The fundamental cause of trouble in the world today is that the stupid are cocksure while the intelligent are full of doubt. -- "Christian Ethics" from Marriage and Morals (1950), quoted from James A Haught, ed, 2000 Years of Disbelief
Most of the greatest evils that man has inflicted upon man have come through people feeling quite certain about something which, in fact, was false.-- Unpopular Essays, "Ideas That Have Harmed Mankind" (1950), p. 149, quoted from James A Haught, ed, 2000 Years of Disbelief
Religion is something left over from the infancy of our intelligence, it will fade away as we adopt reason and science as our guidelines. -- source unknown
William James used to preach "the will to believe". For my part, I should wish to preach "the will to doubt". What is wanted is not the will to believe, but the wish to find out, which is the exact opposite. -- source unknown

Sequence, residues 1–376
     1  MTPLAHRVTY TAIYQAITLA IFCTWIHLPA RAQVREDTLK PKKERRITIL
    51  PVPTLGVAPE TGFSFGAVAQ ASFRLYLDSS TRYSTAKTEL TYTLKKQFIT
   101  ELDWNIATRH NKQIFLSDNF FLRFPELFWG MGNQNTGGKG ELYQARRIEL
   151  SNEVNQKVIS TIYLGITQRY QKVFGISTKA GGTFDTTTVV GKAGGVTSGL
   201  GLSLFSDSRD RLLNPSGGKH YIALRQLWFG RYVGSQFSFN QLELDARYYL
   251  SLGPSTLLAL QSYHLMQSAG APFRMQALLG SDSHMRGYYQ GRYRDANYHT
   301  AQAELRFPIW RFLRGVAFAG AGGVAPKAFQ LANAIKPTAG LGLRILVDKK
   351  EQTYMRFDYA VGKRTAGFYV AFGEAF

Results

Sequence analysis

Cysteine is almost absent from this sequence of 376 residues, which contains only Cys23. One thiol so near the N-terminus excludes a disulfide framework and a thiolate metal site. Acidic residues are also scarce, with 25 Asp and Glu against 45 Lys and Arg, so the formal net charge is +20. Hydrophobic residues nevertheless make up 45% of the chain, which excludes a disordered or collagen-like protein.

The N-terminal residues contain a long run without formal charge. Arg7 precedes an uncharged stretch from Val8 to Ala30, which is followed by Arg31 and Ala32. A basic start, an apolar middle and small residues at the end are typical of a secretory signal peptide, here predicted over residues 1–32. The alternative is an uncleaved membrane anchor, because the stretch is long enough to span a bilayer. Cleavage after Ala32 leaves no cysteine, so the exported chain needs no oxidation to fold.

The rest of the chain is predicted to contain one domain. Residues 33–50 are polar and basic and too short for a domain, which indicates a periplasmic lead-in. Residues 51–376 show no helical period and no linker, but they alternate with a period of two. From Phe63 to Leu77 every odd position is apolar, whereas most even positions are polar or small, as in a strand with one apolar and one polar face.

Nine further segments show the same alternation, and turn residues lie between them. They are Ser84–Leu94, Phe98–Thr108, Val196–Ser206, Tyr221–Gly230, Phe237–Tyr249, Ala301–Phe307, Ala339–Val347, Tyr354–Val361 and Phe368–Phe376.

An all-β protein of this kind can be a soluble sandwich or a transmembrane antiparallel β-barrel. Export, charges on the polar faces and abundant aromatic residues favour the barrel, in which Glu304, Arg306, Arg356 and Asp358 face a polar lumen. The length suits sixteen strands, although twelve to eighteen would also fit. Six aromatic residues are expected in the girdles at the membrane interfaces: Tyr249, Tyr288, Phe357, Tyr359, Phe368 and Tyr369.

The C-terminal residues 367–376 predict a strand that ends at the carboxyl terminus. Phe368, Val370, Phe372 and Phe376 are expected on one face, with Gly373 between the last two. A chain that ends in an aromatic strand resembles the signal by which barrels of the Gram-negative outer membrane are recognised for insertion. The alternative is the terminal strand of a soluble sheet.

Many orthodox people speak as though it were the business of sceptics to disprove received dogmas rather than of dogmatists to prove them. This is, of course, a mistake. If I were to suggest that between the Earth and Mars there is a china teapot revolving about the sun in an elliptical orbit, nobody would be able to disprove my assertion provided I were careful to add that the teapot is too small to be revealed even by our most powerful telescopes. But if I were to go on to say that, since my assertion cannot be disproved, it is intolerable presumption on the part of human reason to doubt it, I should rightly be thought to be talking nonsense. If, however, the existence of such a teapot were affirmed in ancient books, taught as the sacred truth every Sunday, and instilled into the minds of children at school, hesitation to believe in its existence would become a mark of eccentricity and entitle the doubter to the attentions of the psychiatrist in an enlightened age or of the Inquisitor in an earlier time. -- "Is There a God?" commissioned by, but never published in, Illustrated Magazine (1952: repr. The Collected Papers of Bertrand Russell, Volume 11: Last Philosophical Testament, 1943-68, ed. John G Slater and Peter Köllner (London: Routledge, 1997), pp. 543-48, quoted from S T Joshi, Atheism: A Reader